Fantastic! It’s great with vanilla ice cream too. — 10 months ago
Sick nose. Red berry fruit. Loads of it. Sense of deepness and richness. Some spice and saline notes as well. Palate is juicy, complex and has terrific freshness and so much minerality. Wow what’s this? A mineral driven Barbera? Yes it is. Great cut and juiciness with some good berry fruit but this has st Joseph like fresh minerals that are just delightful. Terrific depth and structure. Even seems a bit young, as does most very serious Barbera which this is. Long persistent finish of black and red berry fruit and beautiful minerals and substantial tannins. Really really long. after air the nose really gets going. Super complex gamey, earthy and mineral notes. Man it’s like if old school Cornas (mineral style like cuchet/Fauterie) mated with very serious Barbera. As this airs more fruit comes out but it never sheds its mineral core. This is terrific. Great power and depth. This will age for at least 10-13 years. Will be back more as it airs. — a year ago
This and Ron Pampero are favorites of mine. — 3 years ago
On the nose; dark currants, stewed styled blackberries, dark cherries, black plum, blueberries top nose, black raspberries, strawberries haunt here & there, semi-sweet tarry notes, dark chocolate, dry clay, loamy dry top soil, leather, lead pencil shavings, cedar, black tea, decayed red florals with fresh violets.
The palate is full bodied. Tannins rounded, dusty and 40% resolved. The structure is still big & bold, tension tight, balance is getting there and the length is in a good place with better evolution ahead. Dark currants, stewed styled blackberries, dark cherries, black plum, blueberries top nose, black raspberries, strawberries haunt here & there, semi-sweet tarry notes, dark chocolate, hint of mocha powder, vanilla, medium spice, dry stems, bay leaf, dry black turned earth, dry clay, loamy dry top soil, leather, lead pencil shavings, cedar, black tea, decayed red florals with fresh violets. The acidity is a little light but not bad. The long, drier, balanced finish is developing but needs another 5-8 years to reveal its best self.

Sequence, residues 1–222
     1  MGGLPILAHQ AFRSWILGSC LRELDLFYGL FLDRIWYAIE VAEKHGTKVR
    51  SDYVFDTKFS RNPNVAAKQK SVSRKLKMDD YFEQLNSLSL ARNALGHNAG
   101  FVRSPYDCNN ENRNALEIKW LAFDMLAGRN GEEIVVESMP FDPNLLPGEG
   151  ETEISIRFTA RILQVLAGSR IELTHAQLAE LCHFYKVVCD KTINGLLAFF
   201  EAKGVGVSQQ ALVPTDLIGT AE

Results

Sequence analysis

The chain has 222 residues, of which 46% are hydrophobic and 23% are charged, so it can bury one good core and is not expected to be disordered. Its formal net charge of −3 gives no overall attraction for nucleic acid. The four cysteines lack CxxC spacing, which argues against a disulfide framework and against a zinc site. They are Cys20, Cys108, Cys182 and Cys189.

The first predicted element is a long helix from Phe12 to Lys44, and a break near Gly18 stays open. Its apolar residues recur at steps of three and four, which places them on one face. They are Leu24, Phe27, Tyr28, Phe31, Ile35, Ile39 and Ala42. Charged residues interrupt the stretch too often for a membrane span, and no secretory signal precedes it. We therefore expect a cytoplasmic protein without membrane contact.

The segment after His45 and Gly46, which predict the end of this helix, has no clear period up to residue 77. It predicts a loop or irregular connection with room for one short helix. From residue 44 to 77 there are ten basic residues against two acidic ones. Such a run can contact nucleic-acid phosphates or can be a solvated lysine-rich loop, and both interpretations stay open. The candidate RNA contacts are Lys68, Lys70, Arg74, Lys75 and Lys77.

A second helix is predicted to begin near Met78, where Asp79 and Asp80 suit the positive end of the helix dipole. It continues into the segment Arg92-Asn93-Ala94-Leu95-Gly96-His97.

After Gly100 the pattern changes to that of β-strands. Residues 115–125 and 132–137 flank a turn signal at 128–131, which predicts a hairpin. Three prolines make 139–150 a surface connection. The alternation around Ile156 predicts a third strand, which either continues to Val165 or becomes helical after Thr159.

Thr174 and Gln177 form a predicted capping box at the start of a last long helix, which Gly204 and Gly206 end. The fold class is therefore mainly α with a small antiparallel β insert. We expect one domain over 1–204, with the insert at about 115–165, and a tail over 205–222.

Photos of; Owner Michel Bortolussi, small barrel room & Chateau Lucia exterior.
Producer notes and history...the owner of Lucia, Michel Bortolussi, got his start in the Bordeaux wine business selling equipment needed to make wine to all the top producers and winemakers in Bordeaux.
However, his strongest customer base were the numerous Chateau’s located in the Saint Emilion. Michel Bortolussi knee that if so many of his customers could produce great wine, he could as well. One of his best clients was wine consultant, Stephane Derenoncourt. That relationship was the start of Chateau Lucia.
Before Bortolussi and Stephane Derenoncourt teamed up to create Chateau Lucia. The wine was formally sold under the name of Chateau Lucie before Michel Bortolussi changed the name to Lucia.
The first vintage for Lucia was made in 2001. In 2012, Chateau Lucia was sold to Enzo Ide, a Belgian businessman.
Enzo Ide has retained the same technical team for their Right Bank vineyards and wine making. Enzo Ide also owns another vineyard, Chateau La Rousselle in the Fronsac appellation.
The 4.3 hectare St. Emilion vineyard of Chateau Lucia is planted to 90% Merlot and 10% Cabernet Franc.
Lucia has some of the oldest vines in Bordeaux. In fact, some of the vines date all the way back to 1901. They also have two other sections of vineyard with vines that are on average 30 years of age.
The younger vines are situated close to Chateau Monbousquet. Those vines are planted in more of the sandy terroir with some clay in the soils. Overall, the vineyard has a terroir of clay and limestone soils. The vines are planted to a vine density of 5,500 vines per hectare.
There is a lot of intensive labor that takes place at Chateau Lucia. To produce Chateau Lucia, the berries are harvested by hand. The fruit is sorted twice before fermentation. The grapes are whole berry fermented in small open-top, oak tanks that range in size from 30 to 50 hectoliters.
Everything in the small cellars is moved by gravity. Malolactic fermentation takes place in french oak barrels. The wine is aged on its lees in an average of 60% new, French oak barrels for between 12 to 18 months, depending on the character and quality of the vintage.
The production of Lucia is small at about 1,250 cases depending on what the vintage gives.
The 09 while tasty after opening up over an hour, still needs another 6-8+ years in bottle to be all it can be. Drink 2024-33. — 3 years ago
Saint lucia. St. James at Morgan Bay — a year ago
10 yr Anniversary trip to St Lucia — 2 years ago
Nice for St Lucia buffet — 3 years ago